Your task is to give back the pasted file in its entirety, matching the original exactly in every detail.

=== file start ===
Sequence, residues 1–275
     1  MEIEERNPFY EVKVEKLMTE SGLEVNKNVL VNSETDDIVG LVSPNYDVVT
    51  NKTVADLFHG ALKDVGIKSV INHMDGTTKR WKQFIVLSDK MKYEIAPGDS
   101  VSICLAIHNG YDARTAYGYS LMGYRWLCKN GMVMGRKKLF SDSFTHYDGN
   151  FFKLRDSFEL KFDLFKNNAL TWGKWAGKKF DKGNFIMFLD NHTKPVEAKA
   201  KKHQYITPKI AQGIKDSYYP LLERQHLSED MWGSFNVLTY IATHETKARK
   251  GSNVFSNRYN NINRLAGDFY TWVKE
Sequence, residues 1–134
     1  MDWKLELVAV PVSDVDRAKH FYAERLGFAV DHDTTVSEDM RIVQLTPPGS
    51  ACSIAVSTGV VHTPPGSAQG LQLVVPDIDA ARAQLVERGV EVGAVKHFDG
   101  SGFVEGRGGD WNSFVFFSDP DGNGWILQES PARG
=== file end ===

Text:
Sequence, residues 1–275
     1  MEIEERNPFY EVKVEKLMTE SGLEVNKNVL VNSETDDIVG LVSPNYDVVT
    51  NKTVADLFHG ALKDVGIKSV INHMDGTTKR WKQFIVLSDK MKYEIAPGDS
   101  VSICLAIHNG YDARTAYGYS LMGYRWLCKN GMVMGRKKLF SDSFTHYDGN
   151  FFKLRDSFEL KFDLFKNNAL TWGKWAGKKF DKGNFIMFLD NHTKPVEAKA
   201  KKHQYITPKI AQGIKDSYYP LLERQHLSED MWGSFNVLTY IATHETKARK
   251  GSNVFSNRYN NINRLAGDFY TWVKE
Sequence, residues 1–134
     1  MDWKLELVAV PVSDVDRAKH FYAERLGFAV DHDTTVSEDM RIVQLTPPGS
    51  ACSIAVSTGV VHTPPGSAQG LQLVVPDIDA ARAQLVERGV EVGAVKHFDG
   101  SGFVEGRGGD WNSFVFFSDP DGNGWILQES PARG